Literature: When Women Were Warriors
The cover of the first book.
A trilogy by Catherine M. Wilson that includes The Warrior's Path, A Journey of the Heart, and A Hero's Tale. Beginning with the words "all the women of my family had gone to war", narrator Tamras tells the tale of how she is fostered in the house of a neighboring Lady and comes to understand the path of a warrior. Set during the Bronze Age, it's an adventure story wound up with honor, love, and following one's heart. The author calls it "epic, not fantasy", but it takes many elements of mythology into account.
This book provides examples of:
- Broken Bird: Sparrow, who's quite friendly but sometimes comes across as a bit of a Stepford Smiler thanks to all the abuse she's taken. Maara also counts, when her backstory is revealed.
- Cast Full of Gay: The female warriors all seem to tend this way. The main couple is Tamras and Maara, and of the warriors who do end up with men, only Namet is portrayed as having been deeply in love rather than having an heir. Non-warriors seem to be a bit more equal-oppurtunity.
- Dark Is Not Evil: People who are dark-haired or skin are revered by people who "hold the old ways" but distrusted by others. There is no personality difference.
- Feminist Fantasy: Low Fantasy at most, but the elements are still there.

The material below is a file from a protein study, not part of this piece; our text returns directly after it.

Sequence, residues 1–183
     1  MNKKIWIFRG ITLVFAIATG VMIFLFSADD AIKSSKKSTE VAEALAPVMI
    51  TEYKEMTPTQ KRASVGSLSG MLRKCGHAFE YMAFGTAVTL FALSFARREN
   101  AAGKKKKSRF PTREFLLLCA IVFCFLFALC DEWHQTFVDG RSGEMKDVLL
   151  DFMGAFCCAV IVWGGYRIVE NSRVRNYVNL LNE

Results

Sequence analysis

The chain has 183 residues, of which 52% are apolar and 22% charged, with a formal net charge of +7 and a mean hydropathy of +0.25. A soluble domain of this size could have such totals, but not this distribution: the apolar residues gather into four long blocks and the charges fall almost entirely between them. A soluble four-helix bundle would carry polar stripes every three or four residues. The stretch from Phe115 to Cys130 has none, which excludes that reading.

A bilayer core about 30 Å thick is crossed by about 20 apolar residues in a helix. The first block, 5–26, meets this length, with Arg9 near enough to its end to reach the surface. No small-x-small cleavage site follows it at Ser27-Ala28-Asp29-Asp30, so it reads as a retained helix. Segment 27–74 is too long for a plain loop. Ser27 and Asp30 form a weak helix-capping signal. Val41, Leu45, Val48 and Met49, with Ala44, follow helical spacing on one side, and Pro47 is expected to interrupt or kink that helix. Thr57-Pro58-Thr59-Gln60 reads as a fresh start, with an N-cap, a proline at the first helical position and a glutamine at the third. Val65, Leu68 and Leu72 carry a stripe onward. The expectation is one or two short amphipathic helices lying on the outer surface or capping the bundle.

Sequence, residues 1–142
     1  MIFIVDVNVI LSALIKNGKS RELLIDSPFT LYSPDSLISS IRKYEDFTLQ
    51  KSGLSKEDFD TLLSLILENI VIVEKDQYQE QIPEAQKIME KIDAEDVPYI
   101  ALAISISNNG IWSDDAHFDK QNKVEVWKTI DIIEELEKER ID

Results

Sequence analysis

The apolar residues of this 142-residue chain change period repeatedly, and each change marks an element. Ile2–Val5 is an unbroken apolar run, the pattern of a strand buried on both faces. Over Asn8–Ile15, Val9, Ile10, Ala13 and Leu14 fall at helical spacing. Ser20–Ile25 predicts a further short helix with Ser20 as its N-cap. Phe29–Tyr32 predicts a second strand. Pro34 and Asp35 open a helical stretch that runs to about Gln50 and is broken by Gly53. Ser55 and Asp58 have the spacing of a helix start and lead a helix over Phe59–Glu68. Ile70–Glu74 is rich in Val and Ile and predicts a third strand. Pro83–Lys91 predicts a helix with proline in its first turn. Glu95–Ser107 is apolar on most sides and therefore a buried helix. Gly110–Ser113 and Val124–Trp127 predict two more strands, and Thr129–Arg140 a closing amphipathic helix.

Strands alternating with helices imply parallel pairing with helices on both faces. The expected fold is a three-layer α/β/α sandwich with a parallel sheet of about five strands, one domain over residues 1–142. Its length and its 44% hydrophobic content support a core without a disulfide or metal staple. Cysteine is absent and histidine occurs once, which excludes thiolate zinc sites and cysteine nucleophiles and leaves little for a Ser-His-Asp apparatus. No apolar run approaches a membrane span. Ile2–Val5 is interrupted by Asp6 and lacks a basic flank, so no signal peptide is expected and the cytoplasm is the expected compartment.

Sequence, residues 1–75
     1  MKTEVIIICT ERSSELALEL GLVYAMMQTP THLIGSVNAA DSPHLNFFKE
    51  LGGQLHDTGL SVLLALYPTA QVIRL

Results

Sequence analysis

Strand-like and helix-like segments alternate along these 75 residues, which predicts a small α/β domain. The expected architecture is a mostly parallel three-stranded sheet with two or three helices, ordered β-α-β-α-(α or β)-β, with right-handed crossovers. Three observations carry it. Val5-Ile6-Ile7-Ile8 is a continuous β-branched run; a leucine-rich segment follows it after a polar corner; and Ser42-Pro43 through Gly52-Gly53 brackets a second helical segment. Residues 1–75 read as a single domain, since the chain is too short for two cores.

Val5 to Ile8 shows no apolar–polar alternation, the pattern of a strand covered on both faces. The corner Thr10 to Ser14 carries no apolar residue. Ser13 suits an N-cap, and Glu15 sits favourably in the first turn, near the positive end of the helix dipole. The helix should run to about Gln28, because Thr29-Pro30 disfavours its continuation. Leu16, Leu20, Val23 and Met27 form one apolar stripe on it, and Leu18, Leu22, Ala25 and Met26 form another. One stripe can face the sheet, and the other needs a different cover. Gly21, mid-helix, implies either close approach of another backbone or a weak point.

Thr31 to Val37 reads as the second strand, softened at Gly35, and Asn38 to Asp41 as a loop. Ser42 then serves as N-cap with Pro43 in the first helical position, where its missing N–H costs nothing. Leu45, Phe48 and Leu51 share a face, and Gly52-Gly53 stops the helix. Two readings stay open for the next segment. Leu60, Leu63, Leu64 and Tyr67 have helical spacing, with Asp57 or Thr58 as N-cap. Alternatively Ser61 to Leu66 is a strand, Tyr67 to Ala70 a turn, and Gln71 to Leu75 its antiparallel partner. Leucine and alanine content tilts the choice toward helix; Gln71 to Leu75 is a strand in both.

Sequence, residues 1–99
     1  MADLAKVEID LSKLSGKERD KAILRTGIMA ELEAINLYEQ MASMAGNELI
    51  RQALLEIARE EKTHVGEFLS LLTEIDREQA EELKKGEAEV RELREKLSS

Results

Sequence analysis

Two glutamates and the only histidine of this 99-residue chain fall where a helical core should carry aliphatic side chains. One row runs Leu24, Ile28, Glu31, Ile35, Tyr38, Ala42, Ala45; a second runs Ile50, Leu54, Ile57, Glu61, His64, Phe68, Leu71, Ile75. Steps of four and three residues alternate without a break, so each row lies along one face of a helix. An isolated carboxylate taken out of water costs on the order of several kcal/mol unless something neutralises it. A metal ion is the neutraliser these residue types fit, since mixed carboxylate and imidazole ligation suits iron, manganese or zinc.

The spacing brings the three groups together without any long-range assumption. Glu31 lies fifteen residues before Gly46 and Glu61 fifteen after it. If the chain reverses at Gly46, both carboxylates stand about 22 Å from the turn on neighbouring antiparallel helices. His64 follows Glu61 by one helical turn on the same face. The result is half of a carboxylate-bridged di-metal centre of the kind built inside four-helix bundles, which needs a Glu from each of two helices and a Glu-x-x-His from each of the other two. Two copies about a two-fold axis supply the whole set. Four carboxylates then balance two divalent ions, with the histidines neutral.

- Friends with Benefits: Tamras and Sparrow, by the end of the first book.
- Guile Hero: Tamras, especially by the third book.
- The Hero's Journey: The overreaching arc of the three books.
- I Have Your Wife: A weird, non-villainous, voluntary example as Tamras offers herself up as collateral if Maara should betray the House as some of the other warriors suspect she will. Maara is not happy when she finds out.
- Lady of War: Merin. Averted with Vintel, who, despite being the war leader of Merin's house, is about one step short of Ax-Crazy, according to Maara.
- Loners Are Freaks: What most of the other warriors think of outsider Maara. She gradually warms up to a few of them.
- The Lost Woods: Tamras and Maara end up here at the end of the second book.
- Love Hurts: Merin and Tamnet, long before the story even begins. And it's never stopped hurting.
- Morality Pet: Sparrow, for Vintel.
- The Power of Love
- Sex Slave: Horrifying, this is how Sparrow is treated from the age of eleven.
- Shipper on Deck: Gnith, for Tamras and Maara.
- Teacher/Student Romance: Apparently everyone but Tamras knows that Maara feels this way about her apprentice.